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Tour de France Pyrenees preview: The ancient and the modern

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The beautiful view from atop the Col du Tourmalet summit.

The beautiful view from atop the Col du Tourmalet summit. (Image credit: Jonathan Devich/epicimages.us)
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Preview: Pyrenees weekend, 2019 Tour de France

Preview: Pyrenees weekend, 2019 Tour de France (Image credit: Tim de Waele/TDWSport.com)
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Stage 14 to the Col du Tourmalet is only 117km long

Stage 14 to the Col du Tourmalet is only 117km long (Image credit: ASO)
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Profile of the Col de Tourmalet finale on stage 14

Profile of the Col de Tourmalet finale on stage 14 (Image credit: ASO)
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Le Geant du Tourmalet is one of two statues on the Col du Tourmalet summit.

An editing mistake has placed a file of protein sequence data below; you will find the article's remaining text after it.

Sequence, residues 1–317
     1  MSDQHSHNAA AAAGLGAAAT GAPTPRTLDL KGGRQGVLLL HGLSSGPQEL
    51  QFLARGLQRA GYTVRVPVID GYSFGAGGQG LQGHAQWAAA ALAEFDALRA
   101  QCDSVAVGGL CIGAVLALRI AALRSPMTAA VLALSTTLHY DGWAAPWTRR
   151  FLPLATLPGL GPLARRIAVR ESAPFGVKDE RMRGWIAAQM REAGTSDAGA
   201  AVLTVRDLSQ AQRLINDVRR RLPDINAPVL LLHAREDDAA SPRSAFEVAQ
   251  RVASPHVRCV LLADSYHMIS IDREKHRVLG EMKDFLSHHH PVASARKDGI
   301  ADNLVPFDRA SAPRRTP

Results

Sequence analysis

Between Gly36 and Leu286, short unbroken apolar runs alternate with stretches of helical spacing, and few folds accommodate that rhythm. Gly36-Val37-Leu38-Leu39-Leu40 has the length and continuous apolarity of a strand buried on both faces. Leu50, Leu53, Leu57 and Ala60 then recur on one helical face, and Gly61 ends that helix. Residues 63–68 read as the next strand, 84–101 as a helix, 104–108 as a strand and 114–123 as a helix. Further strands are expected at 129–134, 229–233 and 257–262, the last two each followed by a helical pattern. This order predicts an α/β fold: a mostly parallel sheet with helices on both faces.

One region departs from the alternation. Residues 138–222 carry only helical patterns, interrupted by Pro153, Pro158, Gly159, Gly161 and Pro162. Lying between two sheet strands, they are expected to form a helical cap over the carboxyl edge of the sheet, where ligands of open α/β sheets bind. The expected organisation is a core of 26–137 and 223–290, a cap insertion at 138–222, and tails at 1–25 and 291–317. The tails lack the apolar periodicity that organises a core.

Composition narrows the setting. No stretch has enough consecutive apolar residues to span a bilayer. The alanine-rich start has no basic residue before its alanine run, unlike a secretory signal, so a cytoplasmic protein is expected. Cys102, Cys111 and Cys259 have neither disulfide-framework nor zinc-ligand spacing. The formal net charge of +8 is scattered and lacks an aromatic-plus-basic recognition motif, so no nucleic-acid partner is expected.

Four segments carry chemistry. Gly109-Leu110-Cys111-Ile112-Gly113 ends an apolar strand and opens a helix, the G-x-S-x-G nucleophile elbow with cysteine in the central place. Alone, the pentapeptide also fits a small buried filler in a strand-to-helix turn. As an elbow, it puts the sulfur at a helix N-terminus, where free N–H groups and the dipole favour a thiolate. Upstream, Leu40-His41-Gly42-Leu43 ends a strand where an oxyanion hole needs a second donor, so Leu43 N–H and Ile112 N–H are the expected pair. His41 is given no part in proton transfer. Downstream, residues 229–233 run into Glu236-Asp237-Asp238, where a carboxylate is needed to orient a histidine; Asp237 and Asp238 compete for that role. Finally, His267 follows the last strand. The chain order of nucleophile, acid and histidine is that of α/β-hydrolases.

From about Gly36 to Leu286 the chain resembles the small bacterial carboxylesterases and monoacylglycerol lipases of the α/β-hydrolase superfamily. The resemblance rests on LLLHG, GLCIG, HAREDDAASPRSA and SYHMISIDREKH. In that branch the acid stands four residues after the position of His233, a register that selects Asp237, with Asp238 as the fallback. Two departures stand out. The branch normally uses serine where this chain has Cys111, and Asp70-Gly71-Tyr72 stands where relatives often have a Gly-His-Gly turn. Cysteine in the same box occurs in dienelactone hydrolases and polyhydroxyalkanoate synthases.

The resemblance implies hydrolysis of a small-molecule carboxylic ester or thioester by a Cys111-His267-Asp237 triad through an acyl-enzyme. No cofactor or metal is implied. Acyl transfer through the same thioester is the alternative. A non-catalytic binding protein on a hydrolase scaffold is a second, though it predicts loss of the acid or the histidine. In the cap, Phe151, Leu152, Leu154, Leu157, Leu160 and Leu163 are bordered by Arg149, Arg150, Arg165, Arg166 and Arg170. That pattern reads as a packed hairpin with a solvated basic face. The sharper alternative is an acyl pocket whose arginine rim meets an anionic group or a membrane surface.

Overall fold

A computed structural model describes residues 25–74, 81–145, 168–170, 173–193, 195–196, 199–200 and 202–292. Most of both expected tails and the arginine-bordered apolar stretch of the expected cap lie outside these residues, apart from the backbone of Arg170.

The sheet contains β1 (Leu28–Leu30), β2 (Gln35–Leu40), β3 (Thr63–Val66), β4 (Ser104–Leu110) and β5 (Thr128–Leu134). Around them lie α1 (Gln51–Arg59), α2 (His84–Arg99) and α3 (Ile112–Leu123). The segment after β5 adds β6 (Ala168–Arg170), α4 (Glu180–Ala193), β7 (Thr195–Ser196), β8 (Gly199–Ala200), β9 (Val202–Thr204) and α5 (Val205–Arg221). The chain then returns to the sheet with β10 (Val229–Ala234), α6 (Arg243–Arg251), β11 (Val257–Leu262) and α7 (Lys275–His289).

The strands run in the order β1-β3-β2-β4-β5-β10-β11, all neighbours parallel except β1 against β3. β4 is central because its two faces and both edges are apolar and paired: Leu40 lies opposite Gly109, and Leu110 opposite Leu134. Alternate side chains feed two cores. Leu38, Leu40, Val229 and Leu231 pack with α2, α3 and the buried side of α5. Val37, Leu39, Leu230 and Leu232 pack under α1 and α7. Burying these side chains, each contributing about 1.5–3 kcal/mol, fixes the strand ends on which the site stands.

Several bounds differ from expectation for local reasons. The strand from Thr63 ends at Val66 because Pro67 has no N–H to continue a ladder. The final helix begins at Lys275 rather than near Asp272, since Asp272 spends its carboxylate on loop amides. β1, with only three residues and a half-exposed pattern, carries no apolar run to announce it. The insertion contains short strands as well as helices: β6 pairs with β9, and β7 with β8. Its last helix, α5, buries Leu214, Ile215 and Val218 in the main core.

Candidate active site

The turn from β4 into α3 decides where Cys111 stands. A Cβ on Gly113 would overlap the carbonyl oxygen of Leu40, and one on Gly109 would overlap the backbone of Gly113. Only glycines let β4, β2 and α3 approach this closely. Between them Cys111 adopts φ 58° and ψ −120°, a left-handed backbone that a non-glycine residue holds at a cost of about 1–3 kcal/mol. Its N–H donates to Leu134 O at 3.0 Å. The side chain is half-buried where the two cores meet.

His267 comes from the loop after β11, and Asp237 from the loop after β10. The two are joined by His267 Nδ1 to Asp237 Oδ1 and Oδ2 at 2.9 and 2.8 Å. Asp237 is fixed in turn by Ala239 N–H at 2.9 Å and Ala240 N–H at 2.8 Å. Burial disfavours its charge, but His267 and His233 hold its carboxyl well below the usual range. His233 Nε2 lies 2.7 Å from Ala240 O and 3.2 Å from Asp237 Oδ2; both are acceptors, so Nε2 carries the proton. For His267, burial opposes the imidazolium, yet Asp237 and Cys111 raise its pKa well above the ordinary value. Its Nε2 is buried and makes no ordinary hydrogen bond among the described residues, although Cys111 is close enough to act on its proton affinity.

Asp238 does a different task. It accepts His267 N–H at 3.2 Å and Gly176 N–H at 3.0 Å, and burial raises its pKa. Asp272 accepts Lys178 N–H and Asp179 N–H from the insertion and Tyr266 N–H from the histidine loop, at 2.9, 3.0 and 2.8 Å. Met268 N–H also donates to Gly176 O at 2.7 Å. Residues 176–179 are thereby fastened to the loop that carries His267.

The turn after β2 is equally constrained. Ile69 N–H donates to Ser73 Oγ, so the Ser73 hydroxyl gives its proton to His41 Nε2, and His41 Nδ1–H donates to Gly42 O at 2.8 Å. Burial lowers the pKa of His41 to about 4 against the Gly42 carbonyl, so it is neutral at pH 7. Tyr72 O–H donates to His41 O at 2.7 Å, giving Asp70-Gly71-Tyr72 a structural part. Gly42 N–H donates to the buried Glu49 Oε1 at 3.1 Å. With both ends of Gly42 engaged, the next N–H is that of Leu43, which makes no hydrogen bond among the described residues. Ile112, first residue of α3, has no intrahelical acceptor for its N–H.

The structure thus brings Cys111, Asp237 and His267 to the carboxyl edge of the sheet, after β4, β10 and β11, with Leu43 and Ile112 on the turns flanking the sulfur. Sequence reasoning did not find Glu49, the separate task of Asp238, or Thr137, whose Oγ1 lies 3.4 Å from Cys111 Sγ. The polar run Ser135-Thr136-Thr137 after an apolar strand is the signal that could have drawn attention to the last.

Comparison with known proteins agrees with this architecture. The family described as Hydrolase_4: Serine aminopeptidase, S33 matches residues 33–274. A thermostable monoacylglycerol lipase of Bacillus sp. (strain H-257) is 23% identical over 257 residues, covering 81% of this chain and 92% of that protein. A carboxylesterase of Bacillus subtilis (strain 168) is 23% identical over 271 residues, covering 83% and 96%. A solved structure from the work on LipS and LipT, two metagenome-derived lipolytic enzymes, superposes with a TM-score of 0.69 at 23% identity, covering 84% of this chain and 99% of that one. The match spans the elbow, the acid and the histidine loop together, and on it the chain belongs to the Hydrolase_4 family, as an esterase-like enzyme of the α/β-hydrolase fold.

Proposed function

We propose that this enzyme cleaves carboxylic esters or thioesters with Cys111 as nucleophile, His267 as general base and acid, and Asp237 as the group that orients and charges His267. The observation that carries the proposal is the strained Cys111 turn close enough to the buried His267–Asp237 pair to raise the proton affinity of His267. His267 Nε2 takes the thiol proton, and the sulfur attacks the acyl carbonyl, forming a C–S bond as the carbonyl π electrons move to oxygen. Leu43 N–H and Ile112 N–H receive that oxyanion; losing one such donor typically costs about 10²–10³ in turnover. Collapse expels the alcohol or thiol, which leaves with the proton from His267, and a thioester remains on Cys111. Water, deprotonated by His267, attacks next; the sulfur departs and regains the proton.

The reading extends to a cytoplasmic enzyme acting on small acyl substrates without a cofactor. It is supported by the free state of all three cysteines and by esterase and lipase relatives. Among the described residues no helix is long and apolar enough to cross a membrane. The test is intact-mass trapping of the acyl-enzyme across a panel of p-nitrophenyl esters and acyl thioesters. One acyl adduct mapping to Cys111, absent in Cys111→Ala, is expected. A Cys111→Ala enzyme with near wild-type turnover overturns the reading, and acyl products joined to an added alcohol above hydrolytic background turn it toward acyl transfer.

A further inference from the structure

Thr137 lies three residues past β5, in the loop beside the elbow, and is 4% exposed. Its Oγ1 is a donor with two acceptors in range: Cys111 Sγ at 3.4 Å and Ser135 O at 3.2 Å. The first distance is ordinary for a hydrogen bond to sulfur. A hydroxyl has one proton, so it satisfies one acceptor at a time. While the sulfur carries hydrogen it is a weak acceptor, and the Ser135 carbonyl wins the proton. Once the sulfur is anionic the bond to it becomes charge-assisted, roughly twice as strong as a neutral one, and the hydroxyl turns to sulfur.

Le Geant du Tourmalet is one of two statues on the Col du Tourmalet summit. (Image credit: Bruce Hildenbrand)
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Crowds line the Col du Tourmalet summit in the 1936 Tour de France.

Crowds line the Col du Tourmalet summit in the 1936 Tour de France. (Image credit: AFP Photo)
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Profile of stage 15 of the 2019 Tour de France

Profile of stage 15 of the 2019 Tour de France (Image credit: ASO)